– guest post –
In this day and age, office attire seems to be predominantly casual, or at least business casual. Of course, this varies from coast to coast, with those on the East Coast tending to dress up a bit more, while the West Coast is often known for its slouchy chic attire. Either way, though—are your clothes sending a message to your coworkers? To your boss? And, if so, what is that message? It’s time to take a look at what your office wear says about your work ethic. We teach our kids from a young age to take pride in what they wear, so we probably shouldn’t let this go by the wayside as we get older.
Don’t Stray from the Code
First and foremost, you have to abide by the rules or you’re out of a job, no? Whether it’s a staunch clothing policy or as “loosey goosey” as they come, you should still try to stick by the standard. And, if there are no rules, per se, you might still consider sticking with the crowd. That doesn’t mean you have to conform and be boring! But you probably don’t want to be the one who rolls in after surfing in your beach gear when your manager’s wearing the latest from Nordstrom’s Savvy department.
Work Hard (Duh)
If you like to push the boundaries with your attire at work, let your work speak for itself. Work your buns off. Meet and/or exceed your deadlines and goals. Be early or on time. Work late when necessary. Put your nose to the proverbial grindstone. Trust us—if you do these things, you can wear a garbage bag to work and still get great reviews from your boss. That might be a slight exaggeration but you get the picture. Remember the golden rule: Dress for the job you want, not the job you have.
Let Your Clothes Reflect Your Personality
Okay, okay, so we covered that part about the rules but we still think there is room to let your clothes reflect your personality. Allow your clothes show your coworkers who you are. If you’re a Chicago Cubs fan who works in a casual dress environment, sport your pride in a tee. If you prefer that your feet do the talking, consider a pair of unique socks from Stance.com. Both of these things are conversation-starters and, if you’ve ever worked in an office where you could hear a pin drop, you know this is crucial. So-called “crazy” or wild clothes don’t have to affect your work ethic. Chances are; if this is the way you like to dress in your free time, it will only improve your productivity at work.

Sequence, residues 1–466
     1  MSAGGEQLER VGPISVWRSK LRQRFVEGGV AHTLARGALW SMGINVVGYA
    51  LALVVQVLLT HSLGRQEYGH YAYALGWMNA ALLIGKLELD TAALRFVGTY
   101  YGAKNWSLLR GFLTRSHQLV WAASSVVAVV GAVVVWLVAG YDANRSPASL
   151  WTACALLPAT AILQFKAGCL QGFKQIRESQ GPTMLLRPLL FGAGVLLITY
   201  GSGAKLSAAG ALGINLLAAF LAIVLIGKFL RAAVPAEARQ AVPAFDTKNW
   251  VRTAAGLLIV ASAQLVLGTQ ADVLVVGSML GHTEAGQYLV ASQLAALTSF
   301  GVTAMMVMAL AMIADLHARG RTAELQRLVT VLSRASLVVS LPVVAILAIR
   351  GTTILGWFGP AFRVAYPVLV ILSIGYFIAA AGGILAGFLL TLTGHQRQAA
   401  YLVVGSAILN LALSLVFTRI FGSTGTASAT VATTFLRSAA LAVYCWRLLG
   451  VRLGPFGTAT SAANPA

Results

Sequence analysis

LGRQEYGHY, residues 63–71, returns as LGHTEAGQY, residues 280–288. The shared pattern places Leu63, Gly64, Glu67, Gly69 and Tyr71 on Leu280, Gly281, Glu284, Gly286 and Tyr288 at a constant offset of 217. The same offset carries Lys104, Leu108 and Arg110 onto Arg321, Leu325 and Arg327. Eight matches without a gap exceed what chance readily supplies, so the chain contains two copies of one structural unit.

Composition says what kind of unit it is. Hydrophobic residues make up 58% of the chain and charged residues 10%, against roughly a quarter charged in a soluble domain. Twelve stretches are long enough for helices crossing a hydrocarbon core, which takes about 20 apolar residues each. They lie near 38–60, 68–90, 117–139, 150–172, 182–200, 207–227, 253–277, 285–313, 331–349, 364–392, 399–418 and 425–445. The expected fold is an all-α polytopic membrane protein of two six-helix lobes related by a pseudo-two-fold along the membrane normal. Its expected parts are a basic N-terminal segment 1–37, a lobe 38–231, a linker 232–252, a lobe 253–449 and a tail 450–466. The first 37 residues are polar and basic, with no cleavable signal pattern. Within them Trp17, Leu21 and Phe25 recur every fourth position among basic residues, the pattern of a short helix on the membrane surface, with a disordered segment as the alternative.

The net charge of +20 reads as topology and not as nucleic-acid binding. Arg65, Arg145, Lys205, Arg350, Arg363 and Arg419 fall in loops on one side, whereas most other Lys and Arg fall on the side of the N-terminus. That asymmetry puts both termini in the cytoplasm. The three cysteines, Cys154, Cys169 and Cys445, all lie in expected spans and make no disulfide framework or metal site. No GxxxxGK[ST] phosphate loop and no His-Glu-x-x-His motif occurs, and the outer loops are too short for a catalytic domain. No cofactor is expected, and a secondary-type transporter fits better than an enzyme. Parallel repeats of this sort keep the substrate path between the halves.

Consider the Customers
If you work in an office that rarely sees customer or clients, you likely have a pretty lax dress code. If you do get clients in the office—either regularly or at least on occasion—be smart and dress accordingly. Wearing that stained “Come at Me, Bro” tee with holey jeans is probably not going to land you that big account. So just be smart about it and dress to impress when clients are coming to the office.
If you’re the type who feels like she needs to shop for special occasions, however, remember this isn’t always the case. The truth is, you can often find a “new” outfit right in your closet simply by changing up accessories. This is particularly helpful if you’re on a budget but still want to make the right impression.
Check In With the Head Honcho
We all want to be in our boss’ good graces but we’re often convinced she has a closed-door policy. Effective communication with your manager is crucial, especially if you have plans to climb the corporate ladder. If you’re worried that your clothes are sending the wrong message in regards to your work ethic, ask her. Chances are, she’ll think your results are enough to stand on their own, but the conversation could still be quite enlightening.
What your office wear says about your work ethic is certainly subjective but, if you like your job, it’s probably best to err on the side of caution.
Author: Kate Anderson
I’m Kate, an organization expert, and I would love to help you live your best, and most organized life. When I first became interested in organization I never could have imagined all the ways it would improve my life and I want you to have that experience too. I started my website, Kate’s Organized Life, and began writing to share my tips on decluttering, organizing, and planning to help other people tackle the task of organizing their lives and setting themselves up for success.
Disclosure: The above links are affiliate links. This means that if you purchase something that I feature, I’ll get a small commission. Not enough to buy a pony, but this is one of the ways that I can continue to #findit for you!
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